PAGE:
And then, and then the last generation is this idea of ubiquity, where basically all of the data’s in the cloud, all of your operational resources are in the cloud. And your analytics should just be where you’re making the decision, broadly defined. Did I capture that right or did I mess that up a little bit?

Cindi Howson (08:42): I think that’s good, but I should ask you because even prior to Alation, you were working at Oracle. So you’ve been around a long time. Do you agree with these four waves as I’ve described them?

 

Satyen Sangani (08:55): I do. It’s funny, because I think about it as this world where first generation was kind of “single source of truth.” And second generation is about the self-service evolution, which I think corresponds basically to your visual view.

I think in some sense, the visual tools allowed for agency with individuals where that world of reporting presumed a centralization, and I do think it’s the case that there’s this third wave, but I’ve combined the third wave where AI and the cloud are all one thing. But I think you’re right to say those are actually distinct things. They’re different and they can exist independently of each other.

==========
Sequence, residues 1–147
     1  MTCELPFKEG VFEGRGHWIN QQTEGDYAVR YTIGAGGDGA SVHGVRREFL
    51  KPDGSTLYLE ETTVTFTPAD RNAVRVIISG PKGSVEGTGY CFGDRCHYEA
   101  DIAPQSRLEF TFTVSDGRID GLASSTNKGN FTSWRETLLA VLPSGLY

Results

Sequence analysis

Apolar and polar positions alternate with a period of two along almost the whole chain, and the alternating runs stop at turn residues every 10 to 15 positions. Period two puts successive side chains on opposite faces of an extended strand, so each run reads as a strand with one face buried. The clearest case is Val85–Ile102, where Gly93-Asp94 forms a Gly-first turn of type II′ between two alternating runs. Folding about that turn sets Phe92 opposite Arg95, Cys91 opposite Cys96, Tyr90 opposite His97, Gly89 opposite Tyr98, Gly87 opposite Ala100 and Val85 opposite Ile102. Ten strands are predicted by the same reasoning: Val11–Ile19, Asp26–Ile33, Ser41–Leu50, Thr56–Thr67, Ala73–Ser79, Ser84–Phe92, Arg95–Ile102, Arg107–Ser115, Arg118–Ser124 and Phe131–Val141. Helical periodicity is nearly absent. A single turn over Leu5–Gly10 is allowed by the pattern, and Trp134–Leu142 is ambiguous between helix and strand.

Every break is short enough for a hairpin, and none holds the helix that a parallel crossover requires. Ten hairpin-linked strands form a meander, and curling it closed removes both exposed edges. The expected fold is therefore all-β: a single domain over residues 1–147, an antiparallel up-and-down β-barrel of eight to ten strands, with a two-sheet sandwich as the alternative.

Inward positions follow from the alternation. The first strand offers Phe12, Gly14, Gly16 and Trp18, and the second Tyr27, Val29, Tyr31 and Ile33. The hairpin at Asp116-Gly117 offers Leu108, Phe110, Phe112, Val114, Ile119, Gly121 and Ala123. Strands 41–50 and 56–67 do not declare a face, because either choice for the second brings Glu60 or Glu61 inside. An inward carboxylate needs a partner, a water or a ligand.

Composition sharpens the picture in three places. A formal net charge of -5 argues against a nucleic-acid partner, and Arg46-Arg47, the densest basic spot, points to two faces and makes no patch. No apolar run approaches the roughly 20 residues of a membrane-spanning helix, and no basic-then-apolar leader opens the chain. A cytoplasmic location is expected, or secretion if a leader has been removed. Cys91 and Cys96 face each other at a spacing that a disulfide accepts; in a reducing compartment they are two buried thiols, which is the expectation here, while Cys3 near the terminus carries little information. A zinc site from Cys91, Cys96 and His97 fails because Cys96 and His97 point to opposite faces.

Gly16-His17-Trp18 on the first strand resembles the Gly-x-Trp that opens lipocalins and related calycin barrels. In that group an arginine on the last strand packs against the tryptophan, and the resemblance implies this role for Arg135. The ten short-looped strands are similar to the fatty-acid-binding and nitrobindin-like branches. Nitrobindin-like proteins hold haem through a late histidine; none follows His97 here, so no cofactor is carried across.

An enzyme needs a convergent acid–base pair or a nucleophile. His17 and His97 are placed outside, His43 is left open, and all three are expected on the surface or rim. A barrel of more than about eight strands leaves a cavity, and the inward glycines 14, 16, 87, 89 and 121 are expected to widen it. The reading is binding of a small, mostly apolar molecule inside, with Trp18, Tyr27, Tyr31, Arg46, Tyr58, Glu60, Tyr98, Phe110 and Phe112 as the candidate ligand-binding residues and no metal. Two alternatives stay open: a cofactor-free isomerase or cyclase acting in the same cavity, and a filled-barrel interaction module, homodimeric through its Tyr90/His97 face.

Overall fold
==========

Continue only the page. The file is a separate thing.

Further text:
I think that’s probably right — more correct. I would totally agree. And it’s funny because I always talk about BI as being the capability of helping people make decisions, whereas AI is basically the capability of helping machines make decisions.

But you’re talking about these things intersecting. Do you see that happening more and more in the technology going forward and, and how will that evolve people in their jobs and their roles? Cause I think that’s probably the critical question.

Cindi Howson (10:00): Yeah, it definitely is converging and it will help people. So again, if you think about “We need good data to really be able to do any kind of analytics or AI.” Have AI tell me about what I didn’t know to ask about. Show me the patterns in the data that I didn’t realize was causing my manufacturing defect or — if I’m thinking of a health care use case — this is the particular drug or treatment plan that has not been tried. Individual patient, that really will lead to a better outcome. And yet, I didn’t know to ask about that particular drug.